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Re: About them "broken pipes"

From: Julian Foad <julianfoad_at_btopenworld.com>
Date: 2007-11-03 23:27:49 CET

Re. svn's behavior on writing to a broken pipe, e.g.
> svn log | head
> [...]
> svn: Write error: Broken pipe

Jack Repenning wrote:
> Classic Unix commands of this sort all respond to the event silently.
> So, too, should svn.
> Don't you think?

Indeed, this long-standing behaviour has always been a bit annoying. Like most
things, defining the "right" behaviour takes a bit more thought than it ought,
but I've thought it through reasonably well.

Reading through the related issues and emails, there is general agreement that
it would be nicer not to print an error. The only cautionary note seems to be
the one from William Uther in issue #779 saying something about "svn diff >
my.patch" and also that some other programs including CVS do report "broken
pipe" errors.

I propose this rule:

   When svn is performing a read-only subcommand[1]:
   on attempting to write to stdout and finding it is a broken pipe:
   svn should clean up and then terminate without printing an error message.

When svn is doing something else and producing textual output as a side effect,
it should not obey that rule; the current behaviour is probably satisfactory.

I wondered whether to make the rule conditional on options like
"--non-interactive" and "--xml", or on types of output like "progress messages"
versus "file content or diff", on the premise that they tell us something about
whether the output is expected to be read by a human and whether such an error
is likely to be important. However, these distinctions fail to give a useful
answer and would just make the semantic complexity greater than is warranted
for the problem it's solving. The only distinguisher I use is to restrict the
behaviour to "stdout".

If no objections to this, I'll file an issue with this proposal and the
references below.

- Julian

[1] A read-only subcommand is one that doesn't change stored state in any way
that matters. (Changing temporary state by logging in to the server is OK.)

Related issues:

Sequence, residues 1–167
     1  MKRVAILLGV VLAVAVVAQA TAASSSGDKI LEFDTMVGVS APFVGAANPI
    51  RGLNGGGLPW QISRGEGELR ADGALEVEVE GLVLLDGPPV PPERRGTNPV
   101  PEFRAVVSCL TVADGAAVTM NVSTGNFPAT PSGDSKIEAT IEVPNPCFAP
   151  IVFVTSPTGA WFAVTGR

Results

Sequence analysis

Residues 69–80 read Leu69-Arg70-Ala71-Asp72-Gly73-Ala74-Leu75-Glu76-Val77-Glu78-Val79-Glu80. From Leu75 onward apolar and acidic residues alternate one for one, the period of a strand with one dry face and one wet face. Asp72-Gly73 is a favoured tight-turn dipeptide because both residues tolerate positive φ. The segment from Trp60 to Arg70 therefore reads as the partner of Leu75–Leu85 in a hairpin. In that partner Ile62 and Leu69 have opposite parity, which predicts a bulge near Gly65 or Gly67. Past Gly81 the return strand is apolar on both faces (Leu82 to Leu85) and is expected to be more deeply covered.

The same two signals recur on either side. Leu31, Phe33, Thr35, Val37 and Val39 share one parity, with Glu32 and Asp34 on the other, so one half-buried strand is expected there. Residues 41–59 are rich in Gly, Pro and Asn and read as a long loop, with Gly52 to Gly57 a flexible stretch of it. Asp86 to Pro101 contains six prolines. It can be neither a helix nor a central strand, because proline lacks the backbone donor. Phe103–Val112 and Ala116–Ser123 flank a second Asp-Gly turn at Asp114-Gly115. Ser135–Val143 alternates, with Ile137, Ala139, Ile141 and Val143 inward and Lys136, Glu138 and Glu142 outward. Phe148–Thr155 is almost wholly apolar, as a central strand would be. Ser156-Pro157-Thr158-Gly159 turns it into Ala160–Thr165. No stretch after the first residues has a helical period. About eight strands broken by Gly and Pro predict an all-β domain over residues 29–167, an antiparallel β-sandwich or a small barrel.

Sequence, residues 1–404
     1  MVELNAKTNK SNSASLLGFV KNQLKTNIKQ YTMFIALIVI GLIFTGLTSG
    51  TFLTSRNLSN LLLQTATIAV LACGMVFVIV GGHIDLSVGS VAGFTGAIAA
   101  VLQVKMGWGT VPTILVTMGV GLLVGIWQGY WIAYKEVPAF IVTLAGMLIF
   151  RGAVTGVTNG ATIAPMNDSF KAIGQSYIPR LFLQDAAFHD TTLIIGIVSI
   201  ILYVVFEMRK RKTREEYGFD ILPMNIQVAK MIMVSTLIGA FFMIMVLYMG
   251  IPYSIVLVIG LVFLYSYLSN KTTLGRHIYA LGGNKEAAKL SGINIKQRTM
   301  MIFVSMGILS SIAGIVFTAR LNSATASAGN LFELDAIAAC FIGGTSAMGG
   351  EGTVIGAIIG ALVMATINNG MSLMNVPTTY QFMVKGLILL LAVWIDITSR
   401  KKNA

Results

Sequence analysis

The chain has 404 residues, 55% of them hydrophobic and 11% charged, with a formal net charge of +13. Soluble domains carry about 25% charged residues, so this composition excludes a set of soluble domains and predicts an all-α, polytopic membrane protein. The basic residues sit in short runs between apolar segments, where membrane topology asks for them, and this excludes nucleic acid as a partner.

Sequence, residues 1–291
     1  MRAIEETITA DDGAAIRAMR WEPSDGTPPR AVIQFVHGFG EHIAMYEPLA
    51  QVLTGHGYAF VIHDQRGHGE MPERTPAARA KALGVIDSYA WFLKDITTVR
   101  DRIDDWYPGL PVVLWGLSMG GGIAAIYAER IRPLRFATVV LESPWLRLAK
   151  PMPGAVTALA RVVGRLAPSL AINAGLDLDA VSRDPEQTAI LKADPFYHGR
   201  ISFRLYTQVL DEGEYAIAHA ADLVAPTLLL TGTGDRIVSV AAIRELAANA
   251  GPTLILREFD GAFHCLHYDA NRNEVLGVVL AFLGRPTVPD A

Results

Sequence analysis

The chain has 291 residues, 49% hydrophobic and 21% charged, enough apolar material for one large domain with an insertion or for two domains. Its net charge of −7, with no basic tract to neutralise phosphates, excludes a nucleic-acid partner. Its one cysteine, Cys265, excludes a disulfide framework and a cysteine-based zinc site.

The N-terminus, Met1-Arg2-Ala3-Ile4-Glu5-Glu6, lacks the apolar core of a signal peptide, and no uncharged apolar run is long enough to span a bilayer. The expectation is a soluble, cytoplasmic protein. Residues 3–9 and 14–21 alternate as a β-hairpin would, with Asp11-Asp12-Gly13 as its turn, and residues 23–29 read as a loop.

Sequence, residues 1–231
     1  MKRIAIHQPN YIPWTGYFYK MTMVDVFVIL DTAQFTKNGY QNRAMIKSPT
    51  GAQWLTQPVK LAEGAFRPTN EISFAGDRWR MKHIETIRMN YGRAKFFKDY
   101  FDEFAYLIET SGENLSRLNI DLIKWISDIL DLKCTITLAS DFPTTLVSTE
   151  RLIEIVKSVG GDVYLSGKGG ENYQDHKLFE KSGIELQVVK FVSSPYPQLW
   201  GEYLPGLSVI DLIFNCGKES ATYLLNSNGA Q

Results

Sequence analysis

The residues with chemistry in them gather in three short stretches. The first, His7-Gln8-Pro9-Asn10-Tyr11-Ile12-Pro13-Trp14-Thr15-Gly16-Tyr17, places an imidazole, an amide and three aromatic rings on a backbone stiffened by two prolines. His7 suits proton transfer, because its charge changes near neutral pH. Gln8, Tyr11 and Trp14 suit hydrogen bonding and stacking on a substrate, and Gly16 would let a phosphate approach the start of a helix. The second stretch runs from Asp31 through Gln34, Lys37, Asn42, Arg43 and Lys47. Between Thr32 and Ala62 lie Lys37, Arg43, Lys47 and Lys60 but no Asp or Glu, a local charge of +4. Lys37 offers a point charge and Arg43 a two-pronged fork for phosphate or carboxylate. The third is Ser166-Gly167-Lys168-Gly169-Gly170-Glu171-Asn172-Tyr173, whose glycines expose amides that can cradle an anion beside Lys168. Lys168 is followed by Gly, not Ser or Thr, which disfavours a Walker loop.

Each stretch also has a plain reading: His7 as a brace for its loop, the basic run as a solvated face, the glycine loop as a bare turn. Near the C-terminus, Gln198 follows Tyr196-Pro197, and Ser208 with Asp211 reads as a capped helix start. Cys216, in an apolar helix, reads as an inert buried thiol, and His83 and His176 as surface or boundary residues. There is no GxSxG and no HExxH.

Issue #779 (closed) "Killing output results in an error on stdout"
   Is mainly about svn calling diff and then printing an error when diff dies
due to a broken pipe, but also mentions the error when "svn" finds a broken pipe.

Issue #1693 (closed) "Improved signal handling for svnadmin, svnlook and svn"
   Added "Ignore SIGPIPE" to prevent the program from terminating without a
chance to clean up.

Other email threads raising this issue (expansions of the tinyurls mentioned

Jack Repenning wrote:
> A long, long time ago (2004-01-20), Julian Foad remarked:
>> On head of trunk on SuSE Linux 9, "svn log | head" aborts with "svn:
>> Can't write to stream: Broken pipe" after displaying the ten lines of
>> correct output. I think this is a serious unfriendliness which I
>> would not like to see in release 1.0, though it is getting a bit late
>> for such changes. I thought this had been discussed and perhaps
>> resolved a few weeks ago. Perhaps not. At least I think a consensus
>> was reached that it should die quietly and the way to achieve this
>> was known.
> A very short discussion ensued (see <http://tinyurl.com/2etm8m>). I
> guess it's also related to this one: <http://tinyurl.com/2f4a8q>.
> Since those discussions, the problem has spread: some commands that
> were noted at the time as not displaying this problem now do.
> There's also a lot of speculation in those discussions relating to the
> exact shape of the various bits of code that lead to these behaviors.
> That seems to me off-base. The code exists to create an effect, not to
> justify it. The effect is justified (or, as I think in this case,
> unjustified) based on what it ought to do, what the user has requested
> and what they got. Subversion is reporting "broken pipe" because it
> receives a broken pipe signal. It receives a broken pipe signal
> because the program at the consumer end of the pipe ("head" or similar)
> has terminated, which closes its end of the pipe, which is the whole
> reason the "broken pipe" signal was invented. So svn is telling the
> truth, no questions there.
> The question that remains is: just how much of this truth telling
> should it actually be doing? Programs (and commands like "log"), that
> produce output expected to be read by humans, should be prepared for
> the possibility that the humans will use something like "head" or
> "more" or "less," something that allows them to terminate the display
> prematurely. A two-line gobbledygook message is not a friendly way of
> telling the human "exactly what you wanted to happen did in fact happen."
> Classic Unix commands of this sort all respond to the event silently.
> So, too, should svn.
> Don't you think?

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Received on Sat Nov 3 23:28:04 2007

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